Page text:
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I currently have the following set up where I have 2 or 3 classes implementing IZoneController and I have a set of conditions determining which function they need to execute when called. I first started out defining about 20 classes for each different function, but they were really sparse, and I thought I might be able to find a better way.

Now I have my current solution, which looks like this.

public IZoneController IdentifyZone(object conditionDeterminer, IItemContainer container)
{
    Func<object, IItemContainer, List> itemAction;
    if(condition1(conditionDeterminer))
    {
        itemAction = AlterValue;
        var zController = new CCell(itemAction, container);

    }
    elseif(condition2(conditionDeterminer))
    {
        itemAction = AlterName;
        var zController = new CRange(itemAction, container);
    }

...

    elseif(condition_n(conditionDeterminer)){...}
    else(){...}
    return zController;
}

where all of my "Alter" functions have the same pattern,

List AlterValue(object toCast, IItemContainer container)
{
    return container.SetValue((decimal) toCast);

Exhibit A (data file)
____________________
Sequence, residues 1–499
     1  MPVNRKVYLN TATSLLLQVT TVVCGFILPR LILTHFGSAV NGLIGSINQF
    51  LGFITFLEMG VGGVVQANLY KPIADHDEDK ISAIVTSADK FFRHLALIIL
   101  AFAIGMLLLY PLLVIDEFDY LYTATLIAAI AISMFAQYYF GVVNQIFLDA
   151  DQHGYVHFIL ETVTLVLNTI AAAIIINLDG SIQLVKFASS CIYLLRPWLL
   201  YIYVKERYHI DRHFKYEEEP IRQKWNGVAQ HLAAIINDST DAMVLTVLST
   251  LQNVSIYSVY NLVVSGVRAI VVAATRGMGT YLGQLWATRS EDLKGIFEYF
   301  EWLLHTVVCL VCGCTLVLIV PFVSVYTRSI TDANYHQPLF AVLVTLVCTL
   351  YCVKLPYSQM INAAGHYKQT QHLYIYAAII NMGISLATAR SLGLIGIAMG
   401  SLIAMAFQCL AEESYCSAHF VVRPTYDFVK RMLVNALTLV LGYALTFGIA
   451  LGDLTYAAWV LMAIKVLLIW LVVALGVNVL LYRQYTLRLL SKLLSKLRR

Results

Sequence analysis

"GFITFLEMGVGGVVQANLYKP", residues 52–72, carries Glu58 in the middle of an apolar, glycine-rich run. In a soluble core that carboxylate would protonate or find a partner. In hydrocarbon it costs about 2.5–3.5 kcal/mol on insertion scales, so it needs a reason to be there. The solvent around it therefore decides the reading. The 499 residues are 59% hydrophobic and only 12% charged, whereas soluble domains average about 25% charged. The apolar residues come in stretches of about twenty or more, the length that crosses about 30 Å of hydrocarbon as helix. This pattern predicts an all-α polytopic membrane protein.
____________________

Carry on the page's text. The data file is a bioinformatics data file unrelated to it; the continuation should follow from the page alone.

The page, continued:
}

List AlterName(object toCast, IItemContainer container)
{
    return container.SetName((string) toCast);
}

...

List AlterX(object toCast, IItemContainer container)
{
    return container.SetX((xType) toCast);
}

Now here's the big question. I was wondering if there is a way write a single function where I can define what method I want to call from the IItemContainer interface, as well as what type I want to cast the object to. It would look something like,

Func<object, IItemContainer, List> CreateItemAction<T>(Func<T, List> containerFunction)
{
}

I'm not exactly sure how it would actually be called, but maybe something like

delegate List itemAlteration = IItemContainer.SetX;
itemAction = CreateItemAction<xType>(itemAlteration);

or

delegate List itemAlteration = container.SetX;
itemAction = CreateItemAction<xType>(itemAlteration);

And I just can't figure out what should go into the guts of the CreateItemAction function to make it actually work. Any observations, requests for more information, or pointers on where and why this code is poorly structured would be greatly appreciated.

As a side note, I get the sense that all of the casting from object to string/decimal is pretty smelly, but it's user input, and at some point I'll implement some handling of bad inputs. Should I just move the cast part into the actual classes that implement IItemContainer?

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    Your explnation is only about code not about the big picture where it would be used, that code make me imagine some sort of generic for all solution to handle form event, or editing in a grid events. Usually to handle that you use listeners. Aniway, eventually you could have a FilterAction interface with two method : match and execute. You move the condition in the match method and the code to execute in the execute method. Your IdentifyZone is just a loop against all configured FilterAction. It's better but I still don't really like that. – Walfrat Oct 3 '17 at 14:50